MR: Is the Boycott, Divestment, and Sanctions (BDS) movement always anti-Semitic? Or is there a form of BDS, e.g., targeting Jewish settlements in the West Bank, which is not anti-Semitic?
KS: Even if not based on an anti-Semitic motivation, BDS may have an anti-Semitic effect. In the academy it may target Jewish professors and students and treat Israeli academics in unfair and deplorable ways. BDS also empowers the extremes in the Israel/Palestine debate, and some of BDS’s movers and shakers are anti-Zionist. But many students see BDS as a vehicle to pressure Israel, especially over the settlements. Pro-Palestinian activists don’t seem to know (or care in some cases) about the history of anti-Jewish boycotts and how BDS activates this nerve. Pro-Israel activists don’t seem to recall that during the second intifada, Israel and Jewish organizations were telling Palestinians to find a non-violent way to make your case. BDS is non-violent.
MR: Is applying a double standard to Israel compared to other democratic countries always anti-Semitism? Or can someone single out Israel as a special concern, such as someone who focuses on saving one endangered species as opposed to all of them?
KS: Even the working definition says one must look at context. There’s a difference between saying every democratic state should defend its citizens, but Israel should let its people be attacked, on the one hand, and criticizing Israel more harshly because you care about it more, or you see the complexities of Israel as a democratic state as it is increasing settlements in land in which another people have aspirations for national self-determination.
MR: Is attaching the apartheid label to Israel (e.g., Israel Apartheid Week) anti-Semitic?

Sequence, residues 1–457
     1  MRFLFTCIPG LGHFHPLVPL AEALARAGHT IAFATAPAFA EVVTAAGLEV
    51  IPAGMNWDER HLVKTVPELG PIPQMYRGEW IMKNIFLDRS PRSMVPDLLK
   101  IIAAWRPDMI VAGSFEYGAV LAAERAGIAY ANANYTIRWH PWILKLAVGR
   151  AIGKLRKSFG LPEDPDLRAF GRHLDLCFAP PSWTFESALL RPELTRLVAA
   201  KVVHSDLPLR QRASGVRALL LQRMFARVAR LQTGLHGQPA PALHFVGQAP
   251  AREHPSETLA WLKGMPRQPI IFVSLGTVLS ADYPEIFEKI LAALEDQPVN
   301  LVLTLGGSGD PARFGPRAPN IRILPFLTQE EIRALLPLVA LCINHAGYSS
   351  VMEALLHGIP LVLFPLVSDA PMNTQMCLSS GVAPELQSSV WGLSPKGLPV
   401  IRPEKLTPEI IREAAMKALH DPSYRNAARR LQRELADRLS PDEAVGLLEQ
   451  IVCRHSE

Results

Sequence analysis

KS: We discussed whether to include it in the definition as a soft-core variant of the Israel equals Nazi equation but decided not to for a variety of reasons. Israel is not an apartheid state — Palestinian citizens of Israel vote, are elected to office, etc. — but there are aspects of life for Palestinians that have some resemblance to apartheid, particularly in the territories. Some Israeli leaders have also warned if there is no two-state solution, Israel’s control over Palestinians will look more and more like apartheid.
MR: Of course, we need to address all forms of anti-Semitism, whether on the left or on the right. But with limited resources, it is incumbent on us to focus on the greatest threats. What are they?
KS: While this isn’t an either/or proposition, I believe the greater threat is from the right, especially when one sees nationalistic political parties and xenophobia on the rise here and abroad. The danger of anti-Semitism always increases when people are encouraged to see an “us” and a “them,” because Jews are scapegoated with harming “us” by empowering and/or manipulating “them.” There are some places, though, where anti-Semitism on the left is more of a concern than it is in the U.S.